Knia Singh says the vast majority of the harmful police carding interactions he has experienced would still be allowed under Ontario’s proposed new regulations — if they aren’t changed to add crucial safeguards to protect rights and end discrimination.
Singh, who launched a constitutional challenge of Toronto police carding earlier this year, joined a coalition of rights groups and influential Torontonians at City Hall on Monday in calling for key revisions to the draft regulations.
If the province truly wants to end discriminatory and arbitrary police stops, the groups say, Premier Kathleen Wynne’s Liberal government must make critical rewrites to the rules, which are currently under a 45-day public review.
“We are asking (Community Safety Minister Yasir) Naqvi and Premier Wynne to hear the criticisms that have been put forward about this regulation and make the necessary changes to actually achieve their stated goal to end police carding,” said Desmond Cole, an anti-carding activist who was among the speakers Monday.
Earlier this fall, Naqvi unveiled the draft regulations aimed at ending arbitrary police stops, also known as street checks, and setting limits on when and how police officers may stop and document members of the public.
The coalition — which includes the Ontario Human Rights Commission, the African Canadian Legal Clinic and the Canadian Civil Liberties Association — supports the sentiment behind the regulation, but says there are significant problems with how it’s written.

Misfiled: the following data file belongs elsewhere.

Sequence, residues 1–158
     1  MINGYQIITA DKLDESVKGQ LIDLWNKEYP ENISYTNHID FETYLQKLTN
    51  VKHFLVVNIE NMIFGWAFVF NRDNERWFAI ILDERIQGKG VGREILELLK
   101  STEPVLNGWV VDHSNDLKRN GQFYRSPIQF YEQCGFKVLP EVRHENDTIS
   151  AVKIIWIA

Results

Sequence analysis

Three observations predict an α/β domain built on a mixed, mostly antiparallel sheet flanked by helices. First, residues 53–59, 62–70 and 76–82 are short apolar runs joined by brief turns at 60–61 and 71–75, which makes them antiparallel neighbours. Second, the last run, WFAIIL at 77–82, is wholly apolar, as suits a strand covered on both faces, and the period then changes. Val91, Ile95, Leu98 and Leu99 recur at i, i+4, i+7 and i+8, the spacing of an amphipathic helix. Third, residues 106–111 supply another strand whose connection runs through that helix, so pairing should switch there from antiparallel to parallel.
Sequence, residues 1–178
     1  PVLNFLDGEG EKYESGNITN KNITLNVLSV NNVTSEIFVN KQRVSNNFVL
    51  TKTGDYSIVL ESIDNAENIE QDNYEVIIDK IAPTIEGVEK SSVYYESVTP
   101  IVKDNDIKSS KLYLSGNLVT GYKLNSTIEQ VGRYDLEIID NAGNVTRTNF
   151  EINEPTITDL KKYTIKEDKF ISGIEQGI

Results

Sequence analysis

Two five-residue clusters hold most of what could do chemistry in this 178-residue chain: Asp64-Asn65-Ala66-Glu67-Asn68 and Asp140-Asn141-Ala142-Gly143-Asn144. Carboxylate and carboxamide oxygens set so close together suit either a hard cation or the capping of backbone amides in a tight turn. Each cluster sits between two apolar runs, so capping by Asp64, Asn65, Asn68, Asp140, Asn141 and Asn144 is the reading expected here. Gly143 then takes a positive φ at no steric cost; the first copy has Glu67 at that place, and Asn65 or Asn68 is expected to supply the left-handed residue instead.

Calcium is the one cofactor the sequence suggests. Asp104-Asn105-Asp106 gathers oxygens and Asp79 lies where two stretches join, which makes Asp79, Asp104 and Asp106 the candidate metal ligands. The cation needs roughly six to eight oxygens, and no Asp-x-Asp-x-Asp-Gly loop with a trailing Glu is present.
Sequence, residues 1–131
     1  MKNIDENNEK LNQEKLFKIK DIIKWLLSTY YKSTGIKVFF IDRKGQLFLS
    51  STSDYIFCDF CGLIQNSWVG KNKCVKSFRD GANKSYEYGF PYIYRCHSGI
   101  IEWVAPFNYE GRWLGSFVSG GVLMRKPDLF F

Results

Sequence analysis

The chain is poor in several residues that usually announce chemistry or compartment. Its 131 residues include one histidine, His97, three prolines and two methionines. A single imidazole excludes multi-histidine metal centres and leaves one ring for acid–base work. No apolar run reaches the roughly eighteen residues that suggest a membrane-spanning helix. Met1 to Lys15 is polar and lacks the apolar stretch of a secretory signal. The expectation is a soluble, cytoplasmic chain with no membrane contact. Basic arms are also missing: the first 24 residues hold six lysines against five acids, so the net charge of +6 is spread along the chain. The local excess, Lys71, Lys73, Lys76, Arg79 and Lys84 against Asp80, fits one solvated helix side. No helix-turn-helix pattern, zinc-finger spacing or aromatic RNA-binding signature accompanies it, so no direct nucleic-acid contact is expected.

They suggest there are too many exemptions, occasions when police would not have to follow rights-based safeguards — which include requiring officers to inform people they stop that they’re not obligated to provide information and have the right to walk away.
The officer would also have to provide a receipt to anyone stopped, questioned and documented.
The draft regulation exempts police from these obligations when a specific offence is being investigated. That is not acceptable, said Renu Mandhane, chief commissioner of the Ontario Human Rights Commission.
“Even where an officer is investigating a particular offence, racial profiling can happen in the course of conducting a street check,” she said. “That’s why it’s concerning that the draft regulations’ prohibitions, protection, and accountability mechanisms do not apply when police are investigating a specific offence.”
Singh says he has been carded 11 times, several of those stops occurring when he was driving. He says he was stopped not for a traffic offence but for a general investigation, and he did not know his personal information was being documented and entered into a database.
If Singh was stopped today, under the same circumstances, nothing would change, he says — the province’s draft regulations would not require officers to tell him about his right not to answer questions, or oblige them to provide a receipt with key information about the encounter, including the name of the officer.
That’s because there is an exemption for stops that occur in circumstances when a member of the public is statutorily obliged to provide information, such as when driving.
“I would have no recourse, I would have no ability to demand a receipt, I would not be informed that I do not have to answer questions,” Singh said. “It is important that the gains we’ve made to this point are not thrown away by an insufficient regulation with a limited scope and numerous exemptions.”
The coalition, which has written a lengthy joint response to the carding regulations, also includes the Law Union of Ontario, Ryerson University’s criminology department, and Concerned Citizens against Carding.
“It is time to seal the deal” and end carding, said former city councillor Gordon Cressy, one of the founding members of Concerned Citizens against Carding. “We are not going away.”
To see a breakdown of some of the charges the coalition is pushing for click here.